They are on the water at night. This in and of itself is not a major problem. After all, four of them were fishermen: Peter, Andrew, James, and John himself. Being on the water at night in a small boat can be somewhat tricky when it comes to navigation, but it can also be a time of peace and beauty. John knows, however, that things can change rapidly on the water and dangers can increase in the darkness.
Light and darkness. John is playing on a theme here with this verse, reminding us of the identity of Christ in his own recollection of the scene. John is bringing us back to the first chapter of his gospel and to the One who is the Light…
…that shines in the darkness, and the darkness did not comprehend it.–John 1:5b
Life without Jesus is, in essence, life lived in darkness. John and the disciples acutely feel the absence of the savior from their midst. Jesus is not present with them and the hollowness and fear of life apart from Him creeps into their hearts.
Have you known life without Christ? Can you recall life before you knew that you belonged to Him–or a time of rebellion as a believer when you had turned your back? Maybe it has not been that dramatic. Maybe you have spent time in a wilderness of this sinful world where life’s misery and pain seemed to drown out all things good and you felt left on your own and adrift.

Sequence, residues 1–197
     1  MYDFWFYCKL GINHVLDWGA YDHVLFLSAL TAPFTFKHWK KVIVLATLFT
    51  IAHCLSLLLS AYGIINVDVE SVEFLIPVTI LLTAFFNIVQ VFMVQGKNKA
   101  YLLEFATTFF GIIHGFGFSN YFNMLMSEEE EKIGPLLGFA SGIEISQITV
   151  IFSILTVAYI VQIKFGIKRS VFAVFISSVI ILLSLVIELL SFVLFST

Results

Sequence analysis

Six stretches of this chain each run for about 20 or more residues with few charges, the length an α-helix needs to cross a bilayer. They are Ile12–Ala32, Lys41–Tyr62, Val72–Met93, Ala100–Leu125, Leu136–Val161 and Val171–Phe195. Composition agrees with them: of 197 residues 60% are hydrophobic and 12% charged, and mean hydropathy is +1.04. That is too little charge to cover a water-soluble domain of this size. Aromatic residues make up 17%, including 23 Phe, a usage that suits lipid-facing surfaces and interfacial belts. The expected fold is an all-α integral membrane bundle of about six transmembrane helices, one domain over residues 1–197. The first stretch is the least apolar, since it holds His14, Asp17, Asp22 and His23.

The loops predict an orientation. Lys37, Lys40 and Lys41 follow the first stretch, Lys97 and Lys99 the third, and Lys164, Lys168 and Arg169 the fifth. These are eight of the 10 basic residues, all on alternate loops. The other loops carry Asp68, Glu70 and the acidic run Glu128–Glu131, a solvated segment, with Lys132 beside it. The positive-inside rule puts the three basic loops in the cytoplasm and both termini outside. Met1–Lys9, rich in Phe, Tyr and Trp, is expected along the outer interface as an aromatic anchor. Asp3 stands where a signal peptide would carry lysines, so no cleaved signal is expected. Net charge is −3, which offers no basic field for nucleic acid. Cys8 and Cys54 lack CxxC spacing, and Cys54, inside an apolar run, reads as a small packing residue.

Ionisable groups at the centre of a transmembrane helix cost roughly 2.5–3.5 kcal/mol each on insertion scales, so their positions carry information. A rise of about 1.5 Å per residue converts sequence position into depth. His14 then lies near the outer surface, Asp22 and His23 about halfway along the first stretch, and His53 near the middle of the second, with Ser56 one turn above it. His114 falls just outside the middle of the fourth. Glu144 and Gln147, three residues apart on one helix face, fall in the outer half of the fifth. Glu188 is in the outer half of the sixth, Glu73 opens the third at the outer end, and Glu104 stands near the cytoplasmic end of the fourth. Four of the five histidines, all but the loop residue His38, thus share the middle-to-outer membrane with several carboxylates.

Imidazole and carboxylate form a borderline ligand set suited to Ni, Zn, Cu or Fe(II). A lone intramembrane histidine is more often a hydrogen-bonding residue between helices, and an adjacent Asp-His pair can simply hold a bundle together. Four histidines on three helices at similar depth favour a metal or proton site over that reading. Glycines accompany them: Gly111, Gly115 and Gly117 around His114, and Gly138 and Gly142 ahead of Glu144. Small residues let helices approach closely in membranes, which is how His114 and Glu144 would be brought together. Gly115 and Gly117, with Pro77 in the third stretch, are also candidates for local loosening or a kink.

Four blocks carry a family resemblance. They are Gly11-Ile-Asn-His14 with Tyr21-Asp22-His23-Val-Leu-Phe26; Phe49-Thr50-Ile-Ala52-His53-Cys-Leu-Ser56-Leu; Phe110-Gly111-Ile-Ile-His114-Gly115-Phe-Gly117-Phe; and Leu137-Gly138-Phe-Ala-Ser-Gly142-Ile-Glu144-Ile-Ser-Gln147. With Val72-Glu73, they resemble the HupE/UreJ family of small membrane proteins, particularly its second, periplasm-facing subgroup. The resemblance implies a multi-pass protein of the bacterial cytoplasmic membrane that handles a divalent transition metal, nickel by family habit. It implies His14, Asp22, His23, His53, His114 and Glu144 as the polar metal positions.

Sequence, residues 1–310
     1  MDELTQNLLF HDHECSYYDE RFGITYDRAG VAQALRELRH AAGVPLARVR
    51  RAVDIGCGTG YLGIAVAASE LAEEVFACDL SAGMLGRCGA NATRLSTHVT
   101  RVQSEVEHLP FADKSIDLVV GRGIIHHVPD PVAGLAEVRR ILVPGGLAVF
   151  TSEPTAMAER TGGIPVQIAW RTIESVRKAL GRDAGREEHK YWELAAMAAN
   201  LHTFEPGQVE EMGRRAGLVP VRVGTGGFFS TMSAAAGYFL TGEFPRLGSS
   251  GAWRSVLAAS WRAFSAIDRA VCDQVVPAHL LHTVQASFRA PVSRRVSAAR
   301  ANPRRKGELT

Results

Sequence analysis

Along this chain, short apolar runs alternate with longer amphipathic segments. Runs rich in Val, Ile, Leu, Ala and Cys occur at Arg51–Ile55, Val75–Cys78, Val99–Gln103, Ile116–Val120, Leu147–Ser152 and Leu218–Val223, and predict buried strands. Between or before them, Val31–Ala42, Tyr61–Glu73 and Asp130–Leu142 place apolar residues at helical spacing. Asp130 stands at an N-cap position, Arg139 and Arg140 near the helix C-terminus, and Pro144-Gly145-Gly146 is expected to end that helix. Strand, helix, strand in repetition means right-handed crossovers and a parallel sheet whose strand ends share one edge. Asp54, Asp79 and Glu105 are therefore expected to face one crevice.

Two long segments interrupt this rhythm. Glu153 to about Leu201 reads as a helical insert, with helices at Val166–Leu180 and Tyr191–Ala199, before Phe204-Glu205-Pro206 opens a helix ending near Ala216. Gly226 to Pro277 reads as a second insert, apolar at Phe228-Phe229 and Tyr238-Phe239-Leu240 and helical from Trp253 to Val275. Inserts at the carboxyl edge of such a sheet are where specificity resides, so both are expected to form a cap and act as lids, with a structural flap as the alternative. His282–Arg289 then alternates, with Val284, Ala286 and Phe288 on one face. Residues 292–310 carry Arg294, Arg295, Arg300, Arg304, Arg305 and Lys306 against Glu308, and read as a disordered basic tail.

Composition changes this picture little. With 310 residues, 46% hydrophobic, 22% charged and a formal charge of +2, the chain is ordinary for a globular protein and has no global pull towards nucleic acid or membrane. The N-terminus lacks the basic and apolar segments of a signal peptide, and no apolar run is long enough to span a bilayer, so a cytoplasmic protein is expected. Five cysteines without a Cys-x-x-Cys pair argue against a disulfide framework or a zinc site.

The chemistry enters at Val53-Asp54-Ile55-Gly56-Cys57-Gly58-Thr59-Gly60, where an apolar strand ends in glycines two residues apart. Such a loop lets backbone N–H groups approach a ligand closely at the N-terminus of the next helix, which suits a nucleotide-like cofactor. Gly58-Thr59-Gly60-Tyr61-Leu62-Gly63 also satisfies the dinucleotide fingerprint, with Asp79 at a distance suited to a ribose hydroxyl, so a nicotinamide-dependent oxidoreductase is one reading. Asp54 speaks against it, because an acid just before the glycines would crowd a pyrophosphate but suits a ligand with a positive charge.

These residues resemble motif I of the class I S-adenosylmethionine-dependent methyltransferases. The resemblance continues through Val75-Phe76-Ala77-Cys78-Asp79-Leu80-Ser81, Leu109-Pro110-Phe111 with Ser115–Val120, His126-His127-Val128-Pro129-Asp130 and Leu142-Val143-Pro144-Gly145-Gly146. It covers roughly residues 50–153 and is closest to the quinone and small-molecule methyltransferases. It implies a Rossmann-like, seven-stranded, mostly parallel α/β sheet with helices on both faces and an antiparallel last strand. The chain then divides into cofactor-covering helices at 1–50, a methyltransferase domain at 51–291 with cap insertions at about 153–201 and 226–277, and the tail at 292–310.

John captures this feeling in this one verse–and then proceeds to tell us that things get worse. Much worse:
18 Then the sea arose because a great wind was blowing.–John 6:18
Here the seafaring man in John emerges. He could wax eloquent on details of towering waves and howling wind,but he does not. The former fisherman seems to simply be noting the conditions as in a log entry from a routine voyage at sea. But this is no ordinary sea. The Sea of Galilee is notorious for freak storms and harsh weather. John knows that they could easily be overcome and drown. All hands lay to oars and work feverishly, fighting rising panic.